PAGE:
While drive-in grocery stores are popular in Europe, Zoomin is the first drive-in grocery store in the United States, and it’s all enabled by mobile technology. The disruptive threat is so significant that WalMart has been watching the company’s every step.

So, what is a drive-in grocery store? The process is fairly simple. You shop online, filling your virtual cart with groceries. You pick a time you want to pick them up, then you complete the transaction and drive to the store. A server brings your groceries to your car and, in minutes, you’re on the way home.

For Zoomin, more than half of their orders are coming from mobile devices, and all of their employees are using tablets to fulfill the orders. Like any grocery store, Zoomin has four environmental zones for foods ranging from frozen to fresh produce, but unlike walk-in stores, the company doesn’t need to keep shelves over-stocked and decorated to appeal to the shoppers eye. They’ve studied Amazon’s stocking system for efficiency (Matt says “let the geniuses be geniuses” and focus on what you’re great at). They use the same wholesalers as their traditional competitors, so their selection and their cost of goods are comparable. However, they can operate in a much smaller building, with much less inventory, and significantly fewer employees than the stores they’re competing against. They’ve chosen to price competitively with no pickup fees (unlike European companies), using their cost advantage to drive richer margins.

Speaking of employees, company culture is very important to both John and Matt. Delighting customers is important to them and they gave a number of examples, from surprising a customer with a product she wanted and didn’t think they had (for free), to greeting the dog of a regular customer with his favorite treat (set aside just for him) each time they pull in for their pickup. All of this, of course, is enabled by the mobile technology that makes it easy for employees to make notes so that each time you pull in they know you better and can serve you better. When asked about their hiring practices, John smiled and explained that they hire “pickers” and “grinners.” “Pickers” are detail oriented perfectionists who make sure that the order is filled correctly and with the quality that delights customers. “Grinners” deliver the order to the customers and establish that strong connection that makes them feel special and appreciated. But to fit in to the Zoomin culture, all the employees have to know how to have fun!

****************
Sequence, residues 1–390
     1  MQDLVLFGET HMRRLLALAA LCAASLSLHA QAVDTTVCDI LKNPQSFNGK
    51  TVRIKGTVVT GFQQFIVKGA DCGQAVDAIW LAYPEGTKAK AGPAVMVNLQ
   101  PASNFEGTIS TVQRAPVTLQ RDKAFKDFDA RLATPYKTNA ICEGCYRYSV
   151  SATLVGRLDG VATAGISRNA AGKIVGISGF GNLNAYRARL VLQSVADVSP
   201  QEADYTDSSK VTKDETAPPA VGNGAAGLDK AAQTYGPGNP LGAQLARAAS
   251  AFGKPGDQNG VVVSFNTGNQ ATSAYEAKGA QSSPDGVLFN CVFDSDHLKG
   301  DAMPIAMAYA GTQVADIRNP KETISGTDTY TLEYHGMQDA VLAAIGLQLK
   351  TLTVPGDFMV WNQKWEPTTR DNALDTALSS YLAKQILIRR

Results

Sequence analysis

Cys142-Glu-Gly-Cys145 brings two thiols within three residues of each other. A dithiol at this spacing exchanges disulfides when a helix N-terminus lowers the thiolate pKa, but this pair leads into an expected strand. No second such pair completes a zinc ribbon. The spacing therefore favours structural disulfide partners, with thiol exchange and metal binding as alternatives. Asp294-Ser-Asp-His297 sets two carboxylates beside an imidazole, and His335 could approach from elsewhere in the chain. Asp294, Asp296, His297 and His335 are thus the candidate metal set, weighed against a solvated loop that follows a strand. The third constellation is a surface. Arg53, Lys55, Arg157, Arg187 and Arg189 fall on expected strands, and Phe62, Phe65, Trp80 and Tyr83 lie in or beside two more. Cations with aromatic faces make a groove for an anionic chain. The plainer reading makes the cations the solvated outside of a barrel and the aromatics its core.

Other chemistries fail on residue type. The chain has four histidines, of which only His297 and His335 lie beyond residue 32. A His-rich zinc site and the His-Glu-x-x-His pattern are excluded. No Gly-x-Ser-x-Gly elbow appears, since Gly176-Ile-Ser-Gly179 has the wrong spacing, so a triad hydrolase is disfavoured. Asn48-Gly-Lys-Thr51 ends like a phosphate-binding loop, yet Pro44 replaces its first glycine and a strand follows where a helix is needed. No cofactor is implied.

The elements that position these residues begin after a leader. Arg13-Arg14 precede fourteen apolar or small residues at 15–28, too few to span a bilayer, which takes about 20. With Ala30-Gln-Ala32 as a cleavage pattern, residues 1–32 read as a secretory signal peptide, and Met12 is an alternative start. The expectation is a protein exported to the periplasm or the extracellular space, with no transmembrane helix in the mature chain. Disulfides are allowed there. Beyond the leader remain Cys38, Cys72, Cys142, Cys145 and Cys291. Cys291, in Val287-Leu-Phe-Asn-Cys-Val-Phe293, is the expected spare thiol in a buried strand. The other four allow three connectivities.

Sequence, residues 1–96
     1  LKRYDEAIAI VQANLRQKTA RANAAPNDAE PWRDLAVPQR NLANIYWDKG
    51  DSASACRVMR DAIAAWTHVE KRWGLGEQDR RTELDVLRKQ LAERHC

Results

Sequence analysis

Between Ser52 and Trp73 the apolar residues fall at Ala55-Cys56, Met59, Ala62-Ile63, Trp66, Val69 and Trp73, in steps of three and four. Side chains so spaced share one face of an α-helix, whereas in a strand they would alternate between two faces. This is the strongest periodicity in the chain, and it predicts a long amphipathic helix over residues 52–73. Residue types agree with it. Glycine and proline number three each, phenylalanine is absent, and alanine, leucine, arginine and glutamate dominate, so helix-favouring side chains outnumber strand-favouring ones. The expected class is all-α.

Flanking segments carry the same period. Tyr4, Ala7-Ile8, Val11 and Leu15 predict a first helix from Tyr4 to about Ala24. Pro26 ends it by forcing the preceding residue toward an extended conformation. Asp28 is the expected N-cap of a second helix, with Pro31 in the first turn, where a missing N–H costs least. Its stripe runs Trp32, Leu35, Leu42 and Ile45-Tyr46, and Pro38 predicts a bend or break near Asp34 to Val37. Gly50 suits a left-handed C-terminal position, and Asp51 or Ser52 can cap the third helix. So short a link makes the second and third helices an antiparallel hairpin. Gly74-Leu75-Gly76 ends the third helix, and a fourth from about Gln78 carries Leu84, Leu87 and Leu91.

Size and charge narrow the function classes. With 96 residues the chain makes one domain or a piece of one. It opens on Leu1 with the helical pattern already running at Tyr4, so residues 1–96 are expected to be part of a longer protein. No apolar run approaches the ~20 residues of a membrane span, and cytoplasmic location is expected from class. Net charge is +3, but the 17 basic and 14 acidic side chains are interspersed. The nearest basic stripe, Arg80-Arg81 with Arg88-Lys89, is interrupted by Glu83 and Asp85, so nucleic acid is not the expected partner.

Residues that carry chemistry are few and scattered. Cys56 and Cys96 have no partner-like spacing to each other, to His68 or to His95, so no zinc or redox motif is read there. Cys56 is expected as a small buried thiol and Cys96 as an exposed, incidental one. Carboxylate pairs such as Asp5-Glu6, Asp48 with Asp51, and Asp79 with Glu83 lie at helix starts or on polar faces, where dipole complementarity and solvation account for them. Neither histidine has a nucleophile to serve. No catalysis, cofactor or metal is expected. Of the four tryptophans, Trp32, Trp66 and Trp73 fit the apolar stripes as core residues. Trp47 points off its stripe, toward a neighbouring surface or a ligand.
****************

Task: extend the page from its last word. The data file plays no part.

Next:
I happened to have a meeting near their store on Tuesday, so I set my wife up with their website and offered to pick up her groceries. She found it easy to place the order. If you want to get your food as quickly as possible, Zoomin says it will be ready in 30 minutes, but we picked a future timeslot after my meeting and I got a notification well in advance that everything was ready whenever I could arrive. When you pull in to Zoomin, you either text them to let them know you’ve arrived, or you enter your 5 digit order code to a touch screen kiosk. Either way, you are then assigned one of the 10 covered pull-through stalls. One of the Zoomin staff rolls out a cart with your shopping bags and loads your car for you, and you are on your way. John and Matt said that the average in and out time for customers is about two and a half minutes. Because of that, the store is drawing customers from a much broader geography than a typical grocery store (customers trading dramatically less time in the store for a little more driving time).